It’s pretty clear to me that Paul is saying that the diversity in the church with Christ at the head is not just a positive, but essential. It may be that he was referring to the differences between how Jew and gentiles, for example, viewed the teachings. Or how the Corinthians and Ephesians and Colossians interpreted them. Or even how different individuals interpreted the teachings out of their own experience.
In the microcosm of the body of Christ, in an individual church, we are to love one another, to help each other become all we can be and to live in the mind of Christ. So each individual church’s charge is to raise up the members through love, so that we can all be part of the one great body of the church.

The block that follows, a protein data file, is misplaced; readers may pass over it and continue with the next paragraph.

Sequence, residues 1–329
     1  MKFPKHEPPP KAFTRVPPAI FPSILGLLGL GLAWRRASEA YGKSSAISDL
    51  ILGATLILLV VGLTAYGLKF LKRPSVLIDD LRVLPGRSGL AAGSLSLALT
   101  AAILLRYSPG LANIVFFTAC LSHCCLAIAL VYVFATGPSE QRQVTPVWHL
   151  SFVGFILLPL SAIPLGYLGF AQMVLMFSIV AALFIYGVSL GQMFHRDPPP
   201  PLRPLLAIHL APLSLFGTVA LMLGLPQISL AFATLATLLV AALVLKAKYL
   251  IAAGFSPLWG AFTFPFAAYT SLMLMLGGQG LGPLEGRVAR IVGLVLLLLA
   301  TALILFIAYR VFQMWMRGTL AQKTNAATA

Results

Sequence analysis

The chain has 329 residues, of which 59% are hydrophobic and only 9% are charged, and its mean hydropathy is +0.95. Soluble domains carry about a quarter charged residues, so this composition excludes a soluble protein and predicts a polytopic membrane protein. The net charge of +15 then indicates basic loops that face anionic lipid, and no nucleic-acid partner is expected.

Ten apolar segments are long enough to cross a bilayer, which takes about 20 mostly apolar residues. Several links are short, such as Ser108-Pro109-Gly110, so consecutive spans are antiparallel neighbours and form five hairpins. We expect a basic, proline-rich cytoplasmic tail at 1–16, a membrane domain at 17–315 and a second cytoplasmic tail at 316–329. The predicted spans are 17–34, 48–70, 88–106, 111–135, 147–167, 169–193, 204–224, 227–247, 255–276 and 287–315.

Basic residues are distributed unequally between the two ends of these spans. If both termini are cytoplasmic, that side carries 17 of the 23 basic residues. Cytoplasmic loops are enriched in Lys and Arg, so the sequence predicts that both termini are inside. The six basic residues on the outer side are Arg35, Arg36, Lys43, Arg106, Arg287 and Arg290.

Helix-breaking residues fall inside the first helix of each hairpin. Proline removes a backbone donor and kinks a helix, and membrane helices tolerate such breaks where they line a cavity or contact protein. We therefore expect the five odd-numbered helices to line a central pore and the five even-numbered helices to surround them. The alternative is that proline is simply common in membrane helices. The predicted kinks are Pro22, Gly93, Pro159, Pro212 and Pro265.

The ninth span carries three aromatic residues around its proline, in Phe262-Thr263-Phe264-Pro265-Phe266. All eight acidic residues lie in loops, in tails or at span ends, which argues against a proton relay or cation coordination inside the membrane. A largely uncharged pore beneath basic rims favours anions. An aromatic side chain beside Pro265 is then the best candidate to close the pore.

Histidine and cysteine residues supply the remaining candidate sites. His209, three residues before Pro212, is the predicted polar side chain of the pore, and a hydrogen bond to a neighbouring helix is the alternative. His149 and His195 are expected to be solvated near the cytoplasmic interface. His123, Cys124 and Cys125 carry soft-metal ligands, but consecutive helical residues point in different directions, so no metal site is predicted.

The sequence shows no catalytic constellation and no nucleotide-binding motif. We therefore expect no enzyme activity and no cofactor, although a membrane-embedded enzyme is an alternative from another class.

There is a dichotomy in the one church of Jesus Christ between those who know the Word of God really well and those who express it in the world through Spirit-inspired works. These are not two separate functions of the body of Christ, but rather the natural rhythm than results when one is steeped in the Word, has a deep relationship with Christ and expresses the love of God and His forgiveness and mercy in the world. And like Jesus said in Matthew 25 and other places, the ones we are to help are the poor, the disenfranchised, the blind and lame, the lepers, the outcasts. And we are to call out the powers that be for whatever they are not doing for the least of these and where they fall short of the Spirit of the Law. [Matthew 23]